THURSDAY, July 5 (HealthDay News) -- As many as one in five Americans has to deal each day with symptoms of irritable bowel syndrome, a digestive disorder for which treatment options remain limited.
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"Treatment is challenging because we have only one approved drug from the FDA [U.S. Food and Drug Administration] right now," explained Dr. Satish Rao, director of the Digestive Health Center at Georgia Health Sciences University and Health System.
But there's good news, too, he said, because non-drug ways do exist to help control symptoms and several new drugs are in the pipeline. And though IBS, as it's called, can significantly affect people's quality of life, Rao said it doesn't damage the bowels and "nobody dies from IBS."
The most common symptoms of IBS are abdominal pain or discomfort and altered bowel function, according to Rao.
Dr. William Sandborn, chief of gastroenterology at the University of California San Diego Health System, explained that IBS "is more of a problem in the muscles and the nerves of the bowel."
"If you have problems with the bowel contracting too much, you'll have cramping and diarrhea," he said. "If the bowel doesn't contract enough, the contents of the bowel won't move forward sufficiently, and you'll have constipation."
If you have diarrhea associated with abdominal symptoms, doctors will refer to your disorder as diarrhea-predominant IBS. If constipation is more of an issue, you have constipation-predominant IBS. Those who experience both diarrhea and constipation have what's called mixed IBS.
Exactly what causes IBS remains a mystery -- or what Rao called "the million dollar question."
"We have unearthed some factors," Rao said. "It looks like people with certain genes are predisposed to IBS, and environmental factors play a role. Changes in the gut flora [the types of bacteria in the intestine] may predispose you to IBS." He also said that some people develop IBS after having a viral or bacterial infection. That's called post-infectious IBS.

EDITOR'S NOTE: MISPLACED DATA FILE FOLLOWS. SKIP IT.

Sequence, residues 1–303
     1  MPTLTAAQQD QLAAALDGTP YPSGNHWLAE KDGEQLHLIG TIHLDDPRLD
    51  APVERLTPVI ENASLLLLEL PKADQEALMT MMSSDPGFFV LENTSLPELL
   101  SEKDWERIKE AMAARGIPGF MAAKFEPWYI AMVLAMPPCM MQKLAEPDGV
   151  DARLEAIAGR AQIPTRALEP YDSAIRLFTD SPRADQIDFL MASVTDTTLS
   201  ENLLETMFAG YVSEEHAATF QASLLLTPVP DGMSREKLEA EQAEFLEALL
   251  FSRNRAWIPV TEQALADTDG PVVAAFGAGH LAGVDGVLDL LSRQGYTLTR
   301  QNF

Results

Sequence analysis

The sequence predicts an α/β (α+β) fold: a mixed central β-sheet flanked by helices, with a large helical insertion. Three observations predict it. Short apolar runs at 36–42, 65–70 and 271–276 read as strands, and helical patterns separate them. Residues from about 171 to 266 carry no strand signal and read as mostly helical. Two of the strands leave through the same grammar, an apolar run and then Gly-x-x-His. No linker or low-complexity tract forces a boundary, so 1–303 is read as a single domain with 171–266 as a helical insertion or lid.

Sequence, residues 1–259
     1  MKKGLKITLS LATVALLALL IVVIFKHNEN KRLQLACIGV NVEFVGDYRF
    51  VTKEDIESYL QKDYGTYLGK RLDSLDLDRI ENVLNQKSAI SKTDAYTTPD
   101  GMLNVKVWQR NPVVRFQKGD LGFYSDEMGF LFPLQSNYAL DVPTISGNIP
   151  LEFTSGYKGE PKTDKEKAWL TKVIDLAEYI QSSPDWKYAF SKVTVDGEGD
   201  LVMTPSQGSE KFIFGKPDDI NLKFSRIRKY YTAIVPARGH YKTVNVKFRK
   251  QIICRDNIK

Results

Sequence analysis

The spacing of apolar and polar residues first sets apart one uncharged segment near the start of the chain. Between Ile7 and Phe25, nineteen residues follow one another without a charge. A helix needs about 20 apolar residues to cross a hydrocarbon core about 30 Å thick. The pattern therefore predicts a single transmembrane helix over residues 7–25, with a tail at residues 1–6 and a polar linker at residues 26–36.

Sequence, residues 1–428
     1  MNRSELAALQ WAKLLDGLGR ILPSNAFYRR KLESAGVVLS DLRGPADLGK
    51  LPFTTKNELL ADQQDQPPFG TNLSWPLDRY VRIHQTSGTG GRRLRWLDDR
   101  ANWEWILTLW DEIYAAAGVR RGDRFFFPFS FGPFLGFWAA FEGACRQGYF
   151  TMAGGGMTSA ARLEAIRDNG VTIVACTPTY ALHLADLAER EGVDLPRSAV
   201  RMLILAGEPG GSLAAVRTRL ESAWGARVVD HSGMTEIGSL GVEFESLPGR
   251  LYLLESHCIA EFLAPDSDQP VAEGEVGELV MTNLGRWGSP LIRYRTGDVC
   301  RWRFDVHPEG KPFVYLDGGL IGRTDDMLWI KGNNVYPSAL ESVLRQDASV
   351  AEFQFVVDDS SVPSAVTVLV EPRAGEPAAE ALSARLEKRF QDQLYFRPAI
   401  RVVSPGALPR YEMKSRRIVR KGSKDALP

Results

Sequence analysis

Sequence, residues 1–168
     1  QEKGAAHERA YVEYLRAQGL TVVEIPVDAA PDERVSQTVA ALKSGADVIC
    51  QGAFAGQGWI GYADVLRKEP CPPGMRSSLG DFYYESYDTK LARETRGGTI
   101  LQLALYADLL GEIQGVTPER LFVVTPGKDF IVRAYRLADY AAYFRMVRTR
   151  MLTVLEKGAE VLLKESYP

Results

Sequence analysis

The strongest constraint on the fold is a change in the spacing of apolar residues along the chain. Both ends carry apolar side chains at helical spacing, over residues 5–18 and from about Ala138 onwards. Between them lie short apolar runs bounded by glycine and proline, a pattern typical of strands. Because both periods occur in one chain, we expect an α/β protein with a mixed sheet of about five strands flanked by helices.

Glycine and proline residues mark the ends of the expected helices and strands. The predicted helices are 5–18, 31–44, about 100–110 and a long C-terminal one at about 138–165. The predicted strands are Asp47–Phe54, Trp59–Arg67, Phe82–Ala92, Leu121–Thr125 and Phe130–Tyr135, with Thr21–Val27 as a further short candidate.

Some people also have dietary intolerances to substances such as fructose, he said, and those symptoms can mimic IBS.
One factor that definitely does not cause IBS, Rao said, is stress -- though he said it could trigger symptoms in people who already have the digestive disorder.
A specific diagnostic test doesn't exist for IBS so to diagnose it, doctors must rule out other potentially more serious causes of digestive symptoms, such as colon cancer or Crohn's disease. Methods used to do this, Sandborn and Rao said, include blood tests, CT scans, a hydrogen breath test, endoscopy and colonoscopy.
Treatment generally aims to ease symptoms. People whose major problem is diarrhea may be given fiber supplements and possibly anti-diarrheal medications, according to Sandborn. For those whose main symptom is constipation, a doctor might suggest stool softeners.
Sandborn cautioned that people with IBS should "try to avoid stimulant laxatives as these can damage the bowel if used chronically." But he said that natural, beneficial bacteria known as probiotics -- whether from yogurt or a supplement -- may help ease some IBS symptoms.
Dietary changes also may help, but there's "not a perfect diet for this that helps everyone," Sandborn said. He suggested working with a nutritionist to try to eliminate foods that might trigger symptoms while still maintaining a balanced diet.
On the medication front, the antibiotic rifaximin, which is prescribed for traveler's diarrhea, may prove helpful for some people with IBS, though Sandborn said it's currently not approved for this use. Another medication that's being investigated for use in IBS with constipation and is currently under review by the FDA is linaclotide.
The only FDA-approved drug for IBS is alosetron (Lotronex), which was approved for IBS with diarrhea. But because of serious potential side effects, its use is restricted and only certain doctors are allowed to write prescriptions for it. Another IBS drug, tegaserod (Zelnorm), was pulled from the U.S. market several years ago and is now available through the FDA only in emergencies that are life-threatening or require hospitalization. Sandborn said it had been linked to a rare but increased risk for heart attack.
Irritable bowel "is an illness that doesn't look like a major disease, but it significantly affects quality of life," Rao said. "We have to tailor treatment to the needs of the patient, and that often includes a whole host of wonderful people like doctors, nutritionists, pain specialists and more, depending on the situation and the patient's needs."
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SOURCES: William Sanborn, M.D., chief, gastroenterology, and head, Inflammatory Bowel Disease Center, University of California San Diego Health System; Satish Rao, M.D., Ph.D., professor, medicine, section chief, gastroenterology and hepatology, and director, Digestive Health Center, Georgia Health Sciences University and Health System, August, Ga.